Mathematics 3D Revision

Direction Cosines and Direction Ratios of a Line

`=>`As we know, If a directed line `L` passing through the origin makes angles `α, β` and `γ` with `x, y` and `z-`axes, respectively, called direction angles, then cosine of these angles, namely, `cos α, cos β` and `cos γ` are called direction cosines of the directed line `L.`

`=>` If we reverse the direction of `L,` then the direction angles are replaced by their supplements,

i.e., `π −α , π − β` and `π − γ.` Thus, the signs of the direction cosines are reversed.

`color{blue}{"Direction Ratios : "}` Any three numbers which are proportional to the direction cosines of a line are called the direction ratios of the line. If `l, m, n` are direction cosines and `a, b, c` are direction ratios of a line, then `a = λl, b=λm` and `c = λn,` for any nonzero `λ ∈ R.`

`"Note -"` Some authors also call direction ratios as direction numbers.

● Let `a, b, c` be direction ratios of a line and let `l, m` and `n` be the direction cosines (d.c’s) of the line. Then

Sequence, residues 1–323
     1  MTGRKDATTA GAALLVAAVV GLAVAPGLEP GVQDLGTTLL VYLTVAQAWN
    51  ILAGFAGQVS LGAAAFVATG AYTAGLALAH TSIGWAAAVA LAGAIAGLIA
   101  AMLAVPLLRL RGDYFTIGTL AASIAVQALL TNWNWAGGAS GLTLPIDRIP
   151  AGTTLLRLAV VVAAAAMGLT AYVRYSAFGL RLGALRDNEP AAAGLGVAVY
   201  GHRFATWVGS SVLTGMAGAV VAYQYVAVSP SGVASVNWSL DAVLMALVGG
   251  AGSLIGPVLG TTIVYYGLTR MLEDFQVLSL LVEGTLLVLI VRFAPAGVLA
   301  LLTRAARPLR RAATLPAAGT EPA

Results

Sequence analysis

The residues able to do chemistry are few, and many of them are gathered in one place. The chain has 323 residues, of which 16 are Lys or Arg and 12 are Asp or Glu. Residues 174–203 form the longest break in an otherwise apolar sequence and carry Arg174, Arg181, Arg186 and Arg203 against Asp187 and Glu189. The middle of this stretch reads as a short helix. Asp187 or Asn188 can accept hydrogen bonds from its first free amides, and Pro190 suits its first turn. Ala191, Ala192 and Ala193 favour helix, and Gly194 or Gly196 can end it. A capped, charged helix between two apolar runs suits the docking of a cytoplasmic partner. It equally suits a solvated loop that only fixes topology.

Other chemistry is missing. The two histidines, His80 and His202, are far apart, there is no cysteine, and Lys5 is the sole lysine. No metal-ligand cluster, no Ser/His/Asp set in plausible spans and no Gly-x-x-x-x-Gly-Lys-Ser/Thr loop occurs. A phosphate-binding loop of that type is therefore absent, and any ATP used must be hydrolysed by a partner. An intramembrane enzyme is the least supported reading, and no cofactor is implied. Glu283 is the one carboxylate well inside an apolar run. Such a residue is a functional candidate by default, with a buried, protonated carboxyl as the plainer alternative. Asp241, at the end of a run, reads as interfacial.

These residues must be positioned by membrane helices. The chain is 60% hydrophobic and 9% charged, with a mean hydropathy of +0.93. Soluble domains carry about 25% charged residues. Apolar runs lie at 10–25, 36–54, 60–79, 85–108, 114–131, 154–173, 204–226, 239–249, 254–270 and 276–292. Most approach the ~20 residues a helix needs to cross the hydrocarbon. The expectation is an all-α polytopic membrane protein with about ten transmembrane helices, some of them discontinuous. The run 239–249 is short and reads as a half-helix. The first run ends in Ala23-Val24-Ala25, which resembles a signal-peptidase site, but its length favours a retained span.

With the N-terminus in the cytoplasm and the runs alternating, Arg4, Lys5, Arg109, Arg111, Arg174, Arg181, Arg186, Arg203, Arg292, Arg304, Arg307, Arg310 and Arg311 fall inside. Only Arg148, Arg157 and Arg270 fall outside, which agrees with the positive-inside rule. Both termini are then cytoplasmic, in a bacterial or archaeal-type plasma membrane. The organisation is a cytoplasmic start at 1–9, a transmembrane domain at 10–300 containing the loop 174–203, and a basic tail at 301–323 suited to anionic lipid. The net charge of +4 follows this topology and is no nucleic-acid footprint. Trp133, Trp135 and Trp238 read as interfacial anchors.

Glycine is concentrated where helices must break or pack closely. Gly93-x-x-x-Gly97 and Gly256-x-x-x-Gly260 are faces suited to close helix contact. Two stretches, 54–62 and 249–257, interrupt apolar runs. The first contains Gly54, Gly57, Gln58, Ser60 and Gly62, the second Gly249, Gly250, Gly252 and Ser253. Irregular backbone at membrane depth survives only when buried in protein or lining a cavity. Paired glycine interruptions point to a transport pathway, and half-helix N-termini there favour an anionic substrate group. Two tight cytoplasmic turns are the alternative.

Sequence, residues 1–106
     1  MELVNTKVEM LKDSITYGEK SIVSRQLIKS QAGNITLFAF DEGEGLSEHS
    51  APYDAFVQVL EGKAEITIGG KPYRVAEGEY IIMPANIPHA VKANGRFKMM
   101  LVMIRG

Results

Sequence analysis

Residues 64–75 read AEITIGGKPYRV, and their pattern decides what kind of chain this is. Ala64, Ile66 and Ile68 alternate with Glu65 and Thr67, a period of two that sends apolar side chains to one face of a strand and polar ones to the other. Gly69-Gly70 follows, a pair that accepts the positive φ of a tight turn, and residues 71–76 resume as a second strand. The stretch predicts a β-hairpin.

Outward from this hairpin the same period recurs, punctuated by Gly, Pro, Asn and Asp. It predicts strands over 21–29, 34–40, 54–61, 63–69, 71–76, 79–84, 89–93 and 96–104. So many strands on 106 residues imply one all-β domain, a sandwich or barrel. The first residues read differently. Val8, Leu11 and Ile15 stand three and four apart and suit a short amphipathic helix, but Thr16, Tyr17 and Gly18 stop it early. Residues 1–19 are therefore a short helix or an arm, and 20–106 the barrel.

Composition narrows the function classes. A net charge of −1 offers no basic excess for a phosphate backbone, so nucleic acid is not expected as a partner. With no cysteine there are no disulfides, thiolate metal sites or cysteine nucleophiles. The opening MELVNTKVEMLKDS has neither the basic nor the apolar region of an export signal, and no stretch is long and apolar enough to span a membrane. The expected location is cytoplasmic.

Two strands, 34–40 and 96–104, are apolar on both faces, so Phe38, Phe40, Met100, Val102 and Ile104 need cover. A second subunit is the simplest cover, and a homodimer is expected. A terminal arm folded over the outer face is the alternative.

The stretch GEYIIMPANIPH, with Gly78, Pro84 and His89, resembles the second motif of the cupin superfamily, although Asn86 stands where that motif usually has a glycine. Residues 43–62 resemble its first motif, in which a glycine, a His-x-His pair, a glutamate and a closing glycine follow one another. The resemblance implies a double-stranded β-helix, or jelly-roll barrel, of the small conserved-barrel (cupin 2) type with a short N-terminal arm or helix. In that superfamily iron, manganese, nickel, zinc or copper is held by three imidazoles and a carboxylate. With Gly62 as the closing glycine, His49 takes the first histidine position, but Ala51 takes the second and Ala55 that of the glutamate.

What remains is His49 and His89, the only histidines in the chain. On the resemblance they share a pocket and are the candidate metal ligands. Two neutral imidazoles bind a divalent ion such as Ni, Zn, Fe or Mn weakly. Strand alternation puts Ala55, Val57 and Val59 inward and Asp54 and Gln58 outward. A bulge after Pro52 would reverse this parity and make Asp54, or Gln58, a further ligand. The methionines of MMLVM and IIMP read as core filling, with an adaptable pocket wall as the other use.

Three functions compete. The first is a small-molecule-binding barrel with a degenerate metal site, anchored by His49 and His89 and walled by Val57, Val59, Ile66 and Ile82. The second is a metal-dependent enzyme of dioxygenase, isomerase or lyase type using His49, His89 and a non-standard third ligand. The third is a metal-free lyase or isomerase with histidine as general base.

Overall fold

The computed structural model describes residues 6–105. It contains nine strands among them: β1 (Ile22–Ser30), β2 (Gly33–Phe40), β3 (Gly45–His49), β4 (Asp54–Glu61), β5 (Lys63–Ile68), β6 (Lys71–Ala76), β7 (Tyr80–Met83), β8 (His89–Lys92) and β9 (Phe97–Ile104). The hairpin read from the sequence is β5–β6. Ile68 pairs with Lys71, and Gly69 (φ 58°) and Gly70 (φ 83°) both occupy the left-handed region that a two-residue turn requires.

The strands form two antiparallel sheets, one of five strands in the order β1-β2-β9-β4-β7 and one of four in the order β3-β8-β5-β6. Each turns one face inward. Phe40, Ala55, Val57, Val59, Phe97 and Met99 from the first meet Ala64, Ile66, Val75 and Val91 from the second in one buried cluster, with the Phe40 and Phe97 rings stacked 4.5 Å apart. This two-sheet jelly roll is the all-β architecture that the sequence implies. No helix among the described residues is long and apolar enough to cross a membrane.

`l/a = m/b = n/c = k` (say), k being a constant.

Therefore` l = ak, m = bk, n = ck` ... (1)

But `l^2 + m^2 + n^2 = 1`

Therefore `k^2 (a^2 + b^2 + c^2) = 1`

or ` k = pm (1)/( sqrt (a^2 + b^2 + c^2 ) )`

Hence, from (1), the d.c.’s of the line are

`color{red}{ l = pm a/(sqrt (a^2 + b^2 + c^2 ) ) , m = pm b/(sqrt (a^2 + b^2 + c^2 ) ) , n = pm c/(sqrt (a^2 + b^2 + c^2) )}`

`=>` where, depending on the desired sign of k, either a positive or a negative sign is to be taken for l, m and n.

`=>` For any line, if a, b, c are direction ratios of a line, then `ka, kb, kc; k ≠ 0` is also a set of direction ratios. So, any two sets of direction ratios of a line are also proportional.

`=>` Also, for any line there are infinitely many sets of direction ratios.

Relation between the direction cosines of a line

`=>` Consider a line `RS` with direction cosines `l, m, n.` Through the origin draw a line parallel to the given line and take a point `P(x, y, z)` on this line. From `P` draw a perpendicular `PA` on the x-axis (Fig.).

`=>` Let `OP = r,` Then `cos alpha = (OA)/(OP) =x/r` . This gives `x = lr.`

Similarly, `y = mr` and `z = nr`

Thus `x^2 + y^2 + z^2 = r^2 (l^2 + m^2 + n^2)`

But `x^2 + y^2 + z^2 = r^2`

Hence `color{blue}{l^2 + m^2 + n^2 = 1}`